Artificial Intelligence - What Is AI Embodiment Or Embodied Artificial Intelligence?


Embodied Artificial Intelligence is a method for developing AI that is both theoretical and practical.

It is difficult to fully trace its his tory due to its beginnings in different fields.

Rodney Brooks' Intelligence Without Representation, written in 1987 and published in 1991, is one claimed for the genesis of this concept.

Embodied AI is still a very new area, with some of the first references to it dating back to the early 2000s.

Rather than focusing on either modeling the brain (connectionism/neural net works) or linguistic-level conceptual encoding (GOFAI, or the Physical Symbol System Hypothesis), the embodied approach to AI considers the mind (or intelligent behavior) to emerge from interaction between the body and the world.

There are hundreds of different and sometimes contradictory approaches to interpret the role of the body in cognition, the majority of which utilize the term "embodied." 

The idea that the physical body's shape is related to the structure and content of the mind is shared by all of these viewpoints.

Despite the success of neural network or GOFAI (Good Old-Fashioned Artificial Intelligence or classic symbolic artificial intelligence) techniques in building row expert systems, the embodied approach contends that general artificial intelligence cannot be accomplished in code alone.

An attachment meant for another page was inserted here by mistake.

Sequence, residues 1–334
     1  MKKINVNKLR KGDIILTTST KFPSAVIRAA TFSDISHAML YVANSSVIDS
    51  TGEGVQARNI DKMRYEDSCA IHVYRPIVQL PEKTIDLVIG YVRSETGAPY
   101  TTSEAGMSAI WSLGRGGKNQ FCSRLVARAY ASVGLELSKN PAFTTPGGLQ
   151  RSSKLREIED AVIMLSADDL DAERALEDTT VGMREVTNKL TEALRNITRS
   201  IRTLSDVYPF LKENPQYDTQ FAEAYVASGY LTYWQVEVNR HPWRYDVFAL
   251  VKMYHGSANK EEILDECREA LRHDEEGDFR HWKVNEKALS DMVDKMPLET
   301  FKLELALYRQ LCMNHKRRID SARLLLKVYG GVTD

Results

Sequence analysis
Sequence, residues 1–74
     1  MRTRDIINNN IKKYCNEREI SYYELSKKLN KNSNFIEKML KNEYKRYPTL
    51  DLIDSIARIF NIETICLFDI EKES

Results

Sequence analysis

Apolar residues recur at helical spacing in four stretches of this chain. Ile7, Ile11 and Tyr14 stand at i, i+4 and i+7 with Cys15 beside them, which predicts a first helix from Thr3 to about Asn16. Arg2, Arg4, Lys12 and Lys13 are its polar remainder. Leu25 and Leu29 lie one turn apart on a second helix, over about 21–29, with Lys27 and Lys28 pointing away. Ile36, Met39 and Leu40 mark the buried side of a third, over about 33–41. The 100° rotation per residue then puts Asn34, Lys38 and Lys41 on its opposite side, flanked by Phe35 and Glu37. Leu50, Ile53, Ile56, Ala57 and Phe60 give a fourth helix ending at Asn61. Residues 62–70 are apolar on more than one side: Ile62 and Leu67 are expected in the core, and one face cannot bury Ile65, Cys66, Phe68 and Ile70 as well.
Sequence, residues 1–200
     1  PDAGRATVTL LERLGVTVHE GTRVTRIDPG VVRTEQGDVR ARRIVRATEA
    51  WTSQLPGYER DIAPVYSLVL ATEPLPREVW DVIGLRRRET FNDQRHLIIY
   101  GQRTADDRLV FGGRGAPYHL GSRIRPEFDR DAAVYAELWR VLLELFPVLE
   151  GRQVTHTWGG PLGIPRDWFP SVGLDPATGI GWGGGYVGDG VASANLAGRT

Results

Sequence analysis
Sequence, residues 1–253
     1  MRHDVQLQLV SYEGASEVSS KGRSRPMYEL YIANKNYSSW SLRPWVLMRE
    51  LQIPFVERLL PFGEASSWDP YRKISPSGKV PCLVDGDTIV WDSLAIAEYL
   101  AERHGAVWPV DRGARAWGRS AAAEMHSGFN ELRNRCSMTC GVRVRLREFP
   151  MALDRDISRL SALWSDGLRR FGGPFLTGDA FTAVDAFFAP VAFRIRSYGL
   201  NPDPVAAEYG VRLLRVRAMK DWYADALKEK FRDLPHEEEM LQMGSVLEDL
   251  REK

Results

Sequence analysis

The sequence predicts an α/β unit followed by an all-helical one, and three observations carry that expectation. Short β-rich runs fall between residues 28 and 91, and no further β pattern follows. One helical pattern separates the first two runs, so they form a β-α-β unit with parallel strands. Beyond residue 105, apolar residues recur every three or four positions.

For example, in a tiny robot with four motors, each driving a separate wheel, and programming that directs the robot to avoid obstacles, the same code might create dramatically different observable behaviors if the wheels were relocated to various areas of the body or replaced with articulated legs.

This is a basic explanation of why the shape of a body must be taken into account when designing robotic systems, and why embodied AI (rather than merely robotics) considers the dynamic interaction between the body and the surroundings to be the source of sometimes surprising emergent behaviors.

The instance of passive dynamic walkers is an excellent illustration of this method.

The passive dynamic walker is a bipedal walking model that depends on the dynamic interaction of the leg design and the environment's structure.

The gait is not generated by an active control system.

The walker is propelled forward by gravity, inertia, and the forms of the feet, legs, and inclination.

This strategy is based on the biological concept of stigmergy.

  • Stigmergy is based on the idea that signs or marks left by actions in the environment inspire future actions.


Embodied AI is influenced by a variety of domains. Engineering and philosophy are two frequent methods.

Rodney Brooks proposed the "subsumption architecture" in 1986, which is a method of generating complex behaviors by arranging lower-level layers of the system to interact with the environment in prioritized ways, tightly coupling perception and action, and attempting to eliminate the higher-level processing of other models.